The horrific exploitation and murder of a two-year-old boy in Christiansburg this winter has made community members ask “What now?” and “How can we help keep this from happening?”
The organization NRV CARES, New River Valley Child Advocacy, Resources, Education and Services, (205 W. Main Street) in Christiansburg, is dedicated to community education to stop child abuse by raising awareness among adult civic groups, parents and children themselves through workshops for grown-ups and theatrical presentations for children throughout the New River Valley.
During April, Child Abuse Prevention Month, and into May, NRV CARES is presenting prevention training called “Steward of Children” a workshop designed around approved teaching approaches and presented by trained NRV CARES staff.
“We’re offering a “Stewards of Children” training with the Women’s Resources Center in Radford. It’s a prevention training that helps teach people to prevent, recognize and react responsibly to child sexual abuse,” Andi Golusky, NRV CARES executive director said in a phone interview.
The “Steward of Children” workshop is designed for any adult who is “concerned about the welfare of children and who desires to learn about child-protective behavior,” the NRV CARES website says, “”Stewards of Children” uses real people and real stories to show you how to protect children.”
There will be two workshops this spring: Thursday, April 11 from 6-8:30 p.m. at the Women’s Resource Center (1217 Grove Ave.) in Radford, and May 17 at 9-11:30 a.m. at Pearisburg First United Methodist (401 Hale Street) in Pearisburg.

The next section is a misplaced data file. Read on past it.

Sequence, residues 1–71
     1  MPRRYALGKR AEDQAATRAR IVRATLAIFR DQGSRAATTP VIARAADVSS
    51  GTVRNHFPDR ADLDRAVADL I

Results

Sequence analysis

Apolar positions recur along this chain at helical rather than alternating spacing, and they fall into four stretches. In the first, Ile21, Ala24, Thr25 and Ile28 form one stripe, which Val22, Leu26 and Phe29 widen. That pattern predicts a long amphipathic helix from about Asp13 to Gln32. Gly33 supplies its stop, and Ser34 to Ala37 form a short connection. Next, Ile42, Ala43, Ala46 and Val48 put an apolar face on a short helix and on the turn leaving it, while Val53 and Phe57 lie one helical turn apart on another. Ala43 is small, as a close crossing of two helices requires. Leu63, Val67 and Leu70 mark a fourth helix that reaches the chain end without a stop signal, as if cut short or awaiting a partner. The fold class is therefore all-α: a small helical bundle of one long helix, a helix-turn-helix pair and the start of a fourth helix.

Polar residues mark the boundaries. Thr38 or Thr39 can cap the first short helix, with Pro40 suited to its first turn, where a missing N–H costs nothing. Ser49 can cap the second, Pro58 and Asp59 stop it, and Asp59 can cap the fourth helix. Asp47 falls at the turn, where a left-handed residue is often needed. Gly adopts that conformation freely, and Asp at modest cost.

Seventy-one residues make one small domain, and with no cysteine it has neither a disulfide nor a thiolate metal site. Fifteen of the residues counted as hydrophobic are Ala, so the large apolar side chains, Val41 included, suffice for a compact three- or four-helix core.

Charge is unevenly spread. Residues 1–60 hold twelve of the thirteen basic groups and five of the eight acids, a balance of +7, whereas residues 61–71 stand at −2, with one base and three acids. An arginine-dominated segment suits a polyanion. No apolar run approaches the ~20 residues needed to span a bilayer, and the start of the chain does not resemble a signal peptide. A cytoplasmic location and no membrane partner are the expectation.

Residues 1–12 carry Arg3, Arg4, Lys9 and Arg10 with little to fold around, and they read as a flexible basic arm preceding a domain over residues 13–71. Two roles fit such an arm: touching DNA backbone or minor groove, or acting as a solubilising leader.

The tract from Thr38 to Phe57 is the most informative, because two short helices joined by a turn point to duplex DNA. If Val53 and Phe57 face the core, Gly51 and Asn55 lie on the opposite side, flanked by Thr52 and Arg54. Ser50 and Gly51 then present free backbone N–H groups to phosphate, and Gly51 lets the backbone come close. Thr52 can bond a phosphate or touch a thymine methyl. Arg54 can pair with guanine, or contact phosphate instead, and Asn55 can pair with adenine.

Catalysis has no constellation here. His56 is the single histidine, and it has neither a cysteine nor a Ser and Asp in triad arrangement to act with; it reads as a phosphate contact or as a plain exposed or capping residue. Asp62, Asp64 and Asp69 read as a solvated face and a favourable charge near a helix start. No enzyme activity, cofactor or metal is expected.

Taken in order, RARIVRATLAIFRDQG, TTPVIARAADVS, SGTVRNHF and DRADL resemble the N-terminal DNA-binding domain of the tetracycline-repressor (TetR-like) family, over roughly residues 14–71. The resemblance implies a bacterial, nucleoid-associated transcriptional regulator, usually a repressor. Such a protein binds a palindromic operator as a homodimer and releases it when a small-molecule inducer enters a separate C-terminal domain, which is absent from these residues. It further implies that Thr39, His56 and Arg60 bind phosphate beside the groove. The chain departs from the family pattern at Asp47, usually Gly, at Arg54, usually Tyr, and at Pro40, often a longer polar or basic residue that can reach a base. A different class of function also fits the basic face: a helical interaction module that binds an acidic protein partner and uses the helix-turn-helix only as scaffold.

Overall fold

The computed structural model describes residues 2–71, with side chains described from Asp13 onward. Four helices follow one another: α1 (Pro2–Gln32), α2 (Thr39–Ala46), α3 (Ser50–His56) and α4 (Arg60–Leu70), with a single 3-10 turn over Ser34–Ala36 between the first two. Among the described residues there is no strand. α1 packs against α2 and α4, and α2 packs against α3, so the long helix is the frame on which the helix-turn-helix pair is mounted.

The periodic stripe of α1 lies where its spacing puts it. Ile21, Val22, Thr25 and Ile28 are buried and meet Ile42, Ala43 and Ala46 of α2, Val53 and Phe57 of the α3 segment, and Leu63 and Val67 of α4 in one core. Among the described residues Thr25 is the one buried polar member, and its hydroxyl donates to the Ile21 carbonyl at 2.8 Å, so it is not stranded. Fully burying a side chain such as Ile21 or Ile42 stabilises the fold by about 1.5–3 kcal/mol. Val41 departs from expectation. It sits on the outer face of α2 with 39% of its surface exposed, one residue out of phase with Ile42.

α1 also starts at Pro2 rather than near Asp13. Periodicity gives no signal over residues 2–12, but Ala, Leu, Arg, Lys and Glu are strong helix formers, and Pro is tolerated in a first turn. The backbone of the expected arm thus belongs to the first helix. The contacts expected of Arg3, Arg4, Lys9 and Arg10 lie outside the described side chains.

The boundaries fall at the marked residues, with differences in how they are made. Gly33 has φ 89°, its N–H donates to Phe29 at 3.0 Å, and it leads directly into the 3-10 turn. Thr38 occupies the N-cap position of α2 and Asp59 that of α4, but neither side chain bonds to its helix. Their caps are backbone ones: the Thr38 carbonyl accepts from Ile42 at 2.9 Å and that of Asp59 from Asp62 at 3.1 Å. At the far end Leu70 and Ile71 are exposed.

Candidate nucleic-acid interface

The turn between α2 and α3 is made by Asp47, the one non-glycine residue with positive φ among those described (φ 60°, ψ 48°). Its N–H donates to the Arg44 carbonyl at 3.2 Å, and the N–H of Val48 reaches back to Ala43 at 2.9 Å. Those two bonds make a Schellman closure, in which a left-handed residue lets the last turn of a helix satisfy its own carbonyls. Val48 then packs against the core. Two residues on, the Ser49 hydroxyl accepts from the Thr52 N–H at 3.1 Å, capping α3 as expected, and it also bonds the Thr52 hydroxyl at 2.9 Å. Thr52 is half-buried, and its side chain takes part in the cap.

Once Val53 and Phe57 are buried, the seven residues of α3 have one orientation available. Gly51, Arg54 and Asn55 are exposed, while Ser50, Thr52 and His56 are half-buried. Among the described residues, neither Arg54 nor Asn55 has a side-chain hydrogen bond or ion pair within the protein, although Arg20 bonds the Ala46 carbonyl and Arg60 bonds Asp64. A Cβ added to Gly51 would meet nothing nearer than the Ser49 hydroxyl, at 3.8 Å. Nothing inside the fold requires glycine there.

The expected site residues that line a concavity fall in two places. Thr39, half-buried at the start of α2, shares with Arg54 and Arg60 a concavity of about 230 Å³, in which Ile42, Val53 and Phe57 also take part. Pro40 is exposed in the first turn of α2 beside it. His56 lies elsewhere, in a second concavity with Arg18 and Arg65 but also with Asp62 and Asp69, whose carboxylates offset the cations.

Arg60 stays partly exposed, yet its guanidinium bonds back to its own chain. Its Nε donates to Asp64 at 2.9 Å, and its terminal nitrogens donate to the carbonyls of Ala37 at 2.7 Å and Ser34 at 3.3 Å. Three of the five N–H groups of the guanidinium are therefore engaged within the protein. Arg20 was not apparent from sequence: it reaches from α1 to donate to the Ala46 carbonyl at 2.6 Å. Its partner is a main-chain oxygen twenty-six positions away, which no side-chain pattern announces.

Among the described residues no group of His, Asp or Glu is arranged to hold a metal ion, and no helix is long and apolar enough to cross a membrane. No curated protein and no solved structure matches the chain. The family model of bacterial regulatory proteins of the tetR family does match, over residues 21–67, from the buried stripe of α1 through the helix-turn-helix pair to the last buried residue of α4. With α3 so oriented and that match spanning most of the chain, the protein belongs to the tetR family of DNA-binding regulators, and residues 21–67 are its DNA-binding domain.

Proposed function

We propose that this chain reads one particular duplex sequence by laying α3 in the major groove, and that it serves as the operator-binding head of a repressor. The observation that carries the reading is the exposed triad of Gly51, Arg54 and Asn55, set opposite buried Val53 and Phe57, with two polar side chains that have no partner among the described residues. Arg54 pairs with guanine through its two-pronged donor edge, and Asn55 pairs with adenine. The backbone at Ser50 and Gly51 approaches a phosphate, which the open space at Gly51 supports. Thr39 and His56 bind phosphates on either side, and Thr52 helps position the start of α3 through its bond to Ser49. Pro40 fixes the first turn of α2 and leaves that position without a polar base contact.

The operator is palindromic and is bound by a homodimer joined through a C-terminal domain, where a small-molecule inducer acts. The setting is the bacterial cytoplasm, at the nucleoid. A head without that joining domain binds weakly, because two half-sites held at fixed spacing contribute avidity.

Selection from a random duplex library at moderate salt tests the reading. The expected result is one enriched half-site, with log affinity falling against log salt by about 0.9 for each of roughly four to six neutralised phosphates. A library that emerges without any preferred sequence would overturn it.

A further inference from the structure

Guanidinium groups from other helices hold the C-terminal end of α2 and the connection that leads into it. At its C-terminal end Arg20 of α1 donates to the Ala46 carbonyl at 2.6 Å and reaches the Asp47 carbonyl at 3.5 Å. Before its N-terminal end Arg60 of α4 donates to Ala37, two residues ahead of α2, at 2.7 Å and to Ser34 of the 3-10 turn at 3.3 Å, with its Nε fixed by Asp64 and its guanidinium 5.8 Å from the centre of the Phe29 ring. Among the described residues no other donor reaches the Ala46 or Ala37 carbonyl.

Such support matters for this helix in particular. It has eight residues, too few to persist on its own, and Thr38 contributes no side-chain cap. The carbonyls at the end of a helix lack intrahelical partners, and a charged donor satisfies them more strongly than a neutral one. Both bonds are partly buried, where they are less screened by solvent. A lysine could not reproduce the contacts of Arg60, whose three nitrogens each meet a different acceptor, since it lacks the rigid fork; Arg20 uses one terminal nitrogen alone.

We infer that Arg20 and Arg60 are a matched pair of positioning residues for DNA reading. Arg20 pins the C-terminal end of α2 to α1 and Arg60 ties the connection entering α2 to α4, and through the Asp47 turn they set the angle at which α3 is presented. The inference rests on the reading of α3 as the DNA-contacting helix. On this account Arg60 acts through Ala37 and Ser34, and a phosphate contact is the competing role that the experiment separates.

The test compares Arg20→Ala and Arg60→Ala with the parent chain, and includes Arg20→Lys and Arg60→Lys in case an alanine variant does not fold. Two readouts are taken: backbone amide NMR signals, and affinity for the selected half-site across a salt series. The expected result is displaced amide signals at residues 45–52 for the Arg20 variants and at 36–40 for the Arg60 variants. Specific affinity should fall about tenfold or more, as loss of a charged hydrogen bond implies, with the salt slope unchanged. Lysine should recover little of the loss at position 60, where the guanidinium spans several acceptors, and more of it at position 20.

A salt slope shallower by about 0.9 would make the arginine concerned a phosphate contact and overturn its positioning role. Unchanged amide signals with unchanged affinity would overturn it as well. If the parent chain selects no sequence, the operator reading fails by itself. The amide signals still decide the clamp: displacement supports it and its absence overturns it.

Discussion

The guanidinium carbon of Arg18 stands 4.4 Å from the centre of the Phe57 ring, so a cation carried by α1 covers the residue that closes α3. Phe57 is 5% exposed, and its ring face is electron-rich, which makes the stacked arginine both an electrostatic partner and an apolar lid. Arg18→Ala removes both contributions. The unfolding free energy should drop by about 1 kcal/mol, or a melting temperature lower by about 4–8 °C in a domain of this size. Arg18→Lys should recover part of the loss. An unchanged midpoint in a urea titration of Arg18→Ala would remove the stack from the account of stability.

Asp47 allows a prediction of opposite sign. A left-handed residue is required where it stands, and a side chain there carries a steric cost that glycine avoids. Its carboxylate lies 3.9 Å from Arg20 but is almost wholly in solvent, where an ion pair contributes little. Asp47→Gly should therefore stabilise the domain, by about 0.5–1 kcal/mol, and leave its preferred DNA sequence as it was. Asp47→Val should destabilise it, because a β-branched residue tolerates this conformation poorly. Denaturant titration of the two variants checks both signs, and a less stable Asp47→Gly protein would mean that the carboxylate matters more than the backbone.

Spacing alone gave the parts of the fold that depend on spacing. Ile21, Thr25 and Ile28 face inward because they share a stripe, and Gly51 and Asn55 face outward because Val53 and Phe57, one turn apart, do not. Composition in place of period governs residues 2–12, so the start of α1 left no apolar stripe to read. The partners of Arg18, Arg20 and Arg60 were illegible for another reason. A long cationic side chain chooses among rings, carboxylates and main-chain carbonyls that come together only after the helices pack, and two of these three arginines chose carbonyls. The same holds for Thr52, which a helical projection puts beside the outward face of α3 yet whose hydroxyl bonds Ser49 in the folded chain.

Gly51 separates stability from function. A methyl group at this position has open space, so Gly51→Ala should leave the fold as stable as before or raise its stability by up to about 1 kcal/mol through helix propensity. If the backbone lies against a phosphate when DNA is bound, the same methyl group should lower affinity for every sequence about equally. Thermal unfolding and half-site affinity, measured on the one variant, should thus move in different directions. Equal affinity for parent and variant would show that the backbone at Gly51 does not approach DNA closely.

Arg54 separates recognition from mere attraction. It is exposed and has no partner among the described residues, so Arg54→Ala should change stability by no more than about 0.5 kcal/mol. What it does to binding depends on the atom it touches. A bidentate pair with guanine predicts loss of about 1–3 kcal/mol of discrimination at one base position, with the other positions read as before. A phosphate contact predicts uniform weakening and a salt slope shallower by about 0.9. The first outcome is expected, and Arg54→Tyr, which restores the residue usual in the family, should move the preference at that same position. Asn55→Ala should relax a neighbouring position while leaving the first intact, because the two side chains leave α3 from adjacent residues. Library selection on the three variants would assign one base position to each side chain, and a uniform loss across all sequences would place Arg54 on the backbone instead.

“This is a training in which people have to be trained to do the training and it follows a curriculum to help people have the tools they need to recognize and prevent child abuse,” Golusky said. “We encourage going to these trainings. They’re done strategically in line with the Department of Social Services and are designed for people who work with children on a regular basis.”
In addition to training adults, NRV CARES and its partner organizations work together to also train children.
“The other cool thing we do is help to bring in “Hugs and Kisses.” It’s a play – a musical shown in local elementary schools with the Theater IV theater company out of Richmond. It’s about good and bad touch,” she said.
The play uses song and dance to teach children the difference between good and bad and secret touching to inform children and to help everyone speak frankly together.
“We’ve done these in schools for many years. We’ve collaborated with the Virginia Department of Social Services to talk to kids afterwards, if the play brings up questions. Now they have someone I can talk to – a proper authority,” Golusky said.
The Family & Children’s Trust Fund (FACT) of Virginia data portal indicates that child abuse/neglect is prevalent in the NRV, Golusky said.
Data from 2016, ranked four of the five NRV localities in the top 24 with the highest rates of child abuse/neglect. Pulaski and Giles counties ranked second and third in the state respectively. About 1 percent of children in the NRV are victims of abuse and/or neglect. To think in terms of individual children, in 2018, there were 424 verified abuse/neglect victims in the NRV.
For more data and information about community education, visit: www.nrvcares.org and www.fact.virginia.gov/child-abuse-neglect-advisory-committee/#